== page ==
Étude mécanistique de l'incorporation de la molécule de l'hôte HLA-DR par le VIH-1 : rôle de la protéine auxiliaire VPU et des microdomaines

Authors: Veillette, Véronique
Advisor: Cantin, RéjeanTremblay, Michel J.
Abstract: The type-1 human immunodeficiency virus (HIV-1) infects and replicates itself in the immune system cells. When it buds out, the virus covers itself with a part of the plasma membrane and then acquires some of the host membrane proteins. It is the case for the HLA-DR protein from the major histocompatibility complex class II (MHC-II) necessary for antigen presentation. Its viral incorporation increases the infectious potential and contributes to viral persistence. Vpu is an HIV-1 protein which contributes to the viral budding process. A recent study showed that Vpu could decrease the mature HLA-DR expression at the infected cell surface. Nevertheless, it is also known that Vpu modulates the mature HLA-DR acquisition by HIV-1. Those results could be explained by a control of the intracellular localization of HLA-DR and/or some HIV-1 structural protein by Vpu. In summary, Vpu could promote specific interactions between mature HLA-DR and HIV-1 while decreasing the general expression of mature HLA-DR at the cell surface. We wished to confirm the dual role of Vpu which is important in the viral pathogenesis by getting the mature HLA-DR incorporation advantages while short-circuiting its role in the normal antigen response. It is also accepted that the virus buds out from the infected cell lipid raft. These region are highly enriched with cholesterol and the preferential expression location of mature HLA-DR. With a Simvastatin™ treatment, the lipid raft are disrupt because this drug inhibit the synthesis of cholesterol, therefore down-modulating the mature HLA-DR expression at the cell surface. Using Simvastatin™ inform us on where the virus could possibly acquire the mature host molecule HLA-DR in its envelop. This research project allowed us to characterise the possible interactions between Vpu and HLA-DR that led to a better understanding of the mechanism by which Vpu modulates HLA-DR at the infected cell surface and its viral incorporation. The study conducted by confocal microscopy using multiple fluorescent tagging of Vpu and HLA-DR has led to the evidence of an interaction between Vpu and mature HLA-DR in an infected cell. The measurement of the cell surface expression of HLA-DR and its viral incorporation by flow cytometer and immunocapture techniques also allowed the confirmation of the Vpu modulation on HLA-DR expression. Finally, the Simvastatin™ treatment on infected cells allowed us to hypothesis that the mature HLA-DR acquisition was done at an earlier stage that the viral budding. To conclude, we also attempted to correlate the difference in the pathogenesis of some HIV-1 subtype with the sequence variability of Vpu between them: a link with a different subcellular localization of Vpu. The studies that have been performed in order to complete my master diploma have contributed to a better understanding of the acquisition mechanism of certain host molecules and their impact on different sub-types of HIV-1 pathogenesis. They also give substantial information on the roles of Vpu, a virus-encoded protein whose involvement in HIV-1 pathogenesis remains to be defined and on the acquisition mechanism of some host molecule by HIV-1. The results presented in this thesis will probably arouse an interest renewal for this protein and for the host molecule incorporation mechanism used by HIV-1.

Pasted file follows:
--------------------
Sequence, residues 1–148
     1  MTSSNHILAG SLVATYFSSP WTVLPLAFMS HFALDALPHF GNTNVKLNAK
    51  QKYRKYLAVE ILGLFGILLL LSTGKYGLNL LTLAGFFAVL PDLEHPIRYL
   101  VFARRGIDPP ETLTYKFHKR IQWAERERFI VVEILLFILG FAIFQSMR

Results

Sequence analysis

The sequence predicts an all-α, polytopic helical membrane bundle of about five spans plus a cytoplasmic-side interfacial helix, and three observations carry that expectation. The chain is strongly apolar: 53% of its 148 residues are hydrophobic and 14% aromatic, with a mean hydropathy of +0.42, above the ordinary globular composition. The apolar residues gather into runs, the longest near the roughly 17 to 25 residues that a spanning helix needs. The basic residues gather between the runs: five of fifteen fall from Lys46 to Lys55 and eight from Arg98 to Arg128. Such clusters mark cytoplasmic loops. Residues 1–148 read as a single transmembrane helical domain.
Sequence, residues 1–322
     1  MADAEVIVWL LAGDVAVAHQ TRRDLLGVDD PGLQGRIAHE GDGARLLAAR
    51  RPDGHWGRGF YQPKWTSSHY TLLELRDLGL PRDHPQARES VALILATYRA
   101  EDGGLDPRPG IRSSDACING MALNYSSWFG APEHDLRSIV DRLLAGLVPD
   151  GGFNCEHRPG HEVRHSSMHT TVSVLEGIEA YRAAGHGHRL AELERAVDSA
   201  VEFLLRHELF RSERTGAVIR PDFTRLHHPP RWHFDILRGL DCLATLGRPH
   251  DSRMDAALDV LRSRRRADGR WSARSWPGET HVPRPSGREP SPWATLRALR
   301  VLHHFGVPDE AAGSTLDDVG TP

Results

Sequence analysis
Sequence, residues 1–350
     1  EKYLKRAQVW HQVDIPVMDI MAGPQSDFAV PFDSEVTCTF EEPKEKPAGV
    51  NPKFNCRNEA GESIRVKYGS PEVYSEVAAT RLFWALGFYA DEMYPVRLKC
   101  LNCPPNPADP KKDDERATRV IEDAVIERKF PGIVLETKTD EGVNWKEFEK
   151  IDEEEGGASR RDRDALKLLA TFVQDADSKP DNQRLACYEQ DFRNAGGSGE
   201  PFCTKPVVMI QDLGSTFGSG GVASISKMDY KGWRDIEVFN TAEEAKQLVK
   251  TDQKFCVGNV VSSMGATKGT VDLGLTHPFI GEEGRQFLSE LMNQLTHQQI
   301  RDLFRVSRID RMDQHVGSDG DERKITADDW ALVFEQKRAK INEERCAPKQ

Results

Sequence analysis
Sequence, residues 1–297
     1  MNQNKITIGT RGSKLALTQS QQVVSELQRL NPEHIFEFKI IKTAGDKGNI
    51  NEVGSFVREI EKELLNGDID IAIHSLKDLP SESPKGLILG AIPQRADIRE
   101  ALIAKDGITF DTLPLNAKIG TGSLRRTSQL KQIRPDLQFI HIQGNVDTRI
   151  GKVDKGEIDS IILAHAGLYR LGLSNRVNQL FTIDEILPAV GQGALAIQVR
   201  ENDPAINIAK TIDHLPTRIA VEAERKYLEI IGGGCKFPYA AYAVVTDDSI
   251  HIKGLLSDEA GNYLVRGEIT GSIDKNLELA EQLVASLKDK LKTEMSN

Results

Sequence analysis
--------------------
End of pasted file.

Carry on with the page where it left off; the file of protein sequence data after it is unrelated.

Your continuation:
Document Type: Mémoire de maîtrise
Issue Date: 2011
Open Access Date: 18 April 2018
Permalink: http://hdl.handle.net/20.500.11794/22962
Grantor: Université Laval
Collection:Thèses et mémoires

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